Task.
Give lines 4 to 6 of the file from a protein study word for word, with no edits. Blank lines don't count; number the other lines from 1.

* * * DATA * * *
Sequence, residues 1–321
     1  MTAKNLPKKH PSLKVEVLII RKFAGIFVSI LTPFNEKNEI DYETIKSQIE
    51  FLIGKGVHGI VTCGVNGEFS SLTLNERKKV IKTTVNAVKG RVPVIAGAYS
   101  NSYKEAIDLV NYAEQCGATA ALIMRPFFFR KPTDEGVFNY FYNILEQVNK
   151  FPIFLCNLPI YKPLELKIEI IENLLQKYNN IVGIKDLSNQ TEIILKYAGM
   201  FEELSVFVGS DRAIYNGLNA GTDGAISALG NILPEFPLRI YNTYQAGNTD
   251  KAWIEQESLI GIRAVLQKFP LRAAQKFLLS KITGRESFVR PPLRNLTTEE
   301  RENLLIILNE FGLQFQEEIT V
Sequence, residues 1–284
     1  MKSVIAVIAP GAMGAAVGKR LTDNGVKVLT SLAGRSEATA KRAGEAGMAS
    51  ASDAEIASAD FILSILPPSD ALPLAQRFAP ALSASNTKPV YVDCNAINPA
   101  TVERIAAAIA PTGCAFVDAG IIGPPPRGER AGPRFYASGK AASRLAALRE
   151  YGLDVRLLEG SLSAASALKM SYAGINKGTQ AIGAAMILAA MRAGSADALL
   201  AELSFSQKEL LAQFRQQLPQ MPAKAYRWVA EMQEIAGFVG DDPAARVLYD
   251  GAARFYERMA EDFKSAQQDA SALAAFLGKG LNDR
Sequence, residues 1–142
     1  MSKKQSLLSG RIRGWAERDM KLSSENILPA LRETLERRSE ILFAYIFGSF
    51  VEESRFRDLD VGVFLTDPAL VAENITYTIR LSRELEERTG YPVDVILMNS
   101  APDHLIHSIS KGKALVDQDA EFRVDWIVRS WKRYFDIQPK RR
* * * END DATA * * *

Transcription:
   101  NSYKEAIDLV NYAEQCGATA ALIMRPFFFR KPTDEGVFNY FYNILEQVNK
   151  FPIFLCNLPI YKPLELKIEI IENLLQKYNN IVGIKDLSNQ TEIILKYAGM
   201  FEELSVFVGS DRAIYNGLNA GTDGAISALG NILPEFPLRI YNTYQAGNTD